On this seventy-first annual commemoration of Palestine’s Jewish-state Nakba, let’s resolve not to continue to oversimplify things.
Whether you believe the American rabbi and historian Arthur Hertzberg’s assessment of the Zionist idea as “unprecedented … an essential dialogue between the Jew and the nations of the earth”, rather than a matter between Jews and God, or you believe the assessment of Ass’ad Razzouk, researcher and contributor to the PLO Research Center’s 1970 Arabic translation of Hertzberg’s book, that Zionism, at its heart, emerged naturally from Jewish religious sources and is thoroughly influenced and motivated by traditional Jewish religious ideas, both conscious and unconscious, the fact remains that there exists a complex picture of the relationship between Judaism and Zionism.
To Palestinians, the intersection between Judaism and Zionism has always been considered the most dangerous aspect of Israel’s existence as a Jewish state in Palestine today.
The focus today among the international activist community advocating for Palestine is on Zionism’s modern European political and ideological roots, a focus that represents Zionism as no different from any other form of European colonialism, as a settler-colonial movement foreign to the Middle East.
This “narrative”, if you will, has made great inroads in concentrating international attention, especially through the human rights formulations of the Boycott, Divestment, and Sanctions (BDS) movement. But I believe, by itself, such a theoretical framework for the Palestinian decades-long struggle for justice and liberation is insufficient to effect change, not only because of the ongoing complicity of Western powers in the Nakba, but also because, by itself, this narrative cannot sufficiently move the hearts and minds of Israelis and Jews worldwide.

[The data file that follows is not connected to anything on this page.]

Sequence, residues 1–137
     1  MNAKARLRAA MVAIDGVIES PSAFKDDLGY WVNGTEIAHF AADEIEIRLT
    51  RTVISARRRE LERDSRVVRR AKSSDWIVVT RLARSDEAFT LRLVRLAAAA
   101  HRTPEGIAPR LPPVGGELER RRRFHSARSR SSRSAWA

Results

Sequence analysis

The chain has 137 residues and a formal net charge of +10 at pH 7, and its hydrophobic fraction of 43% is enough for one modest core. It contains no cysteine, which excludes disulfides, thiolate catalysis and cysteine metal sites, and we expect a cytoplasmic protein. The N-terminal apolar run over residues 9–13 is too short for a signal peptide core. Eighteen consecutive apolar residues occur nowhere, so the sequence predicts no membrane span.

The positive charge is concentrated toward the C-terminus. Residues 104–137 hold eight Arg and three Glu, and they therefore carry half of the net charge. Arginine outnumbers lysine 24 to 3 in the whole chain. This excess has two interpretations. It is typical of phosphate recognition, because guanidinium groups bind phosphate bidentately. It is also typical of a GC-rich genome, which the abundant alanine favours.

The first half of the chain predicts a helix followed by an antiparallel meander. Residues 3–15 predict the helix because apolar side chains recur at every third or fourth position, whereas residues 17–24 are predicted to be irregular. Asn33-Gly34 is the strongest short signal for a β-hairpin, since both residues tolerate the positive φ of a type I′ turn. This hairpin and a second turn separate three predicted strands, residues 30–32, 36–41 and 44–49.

Only a resurgence of the progressive and developed principles of Reform Judaism, as expressed in a series of rabbinical conferences in German lands in the 1840s and in the U.S. in the second half of the 19th century, will have the necessary ideological power to defeat Zionism.
Upon the partitioning of Palestine and the establishment of Israel as a Jewish state, Herzl’s expectation that rabbis would devote their energies in the service of Zionism came to fruition; Zionism has long gained the great masses of religious Jews around the world and “redirected their love of Zion from its spiritual and longing sense and its traditional supplicatory character” to political Zionism,
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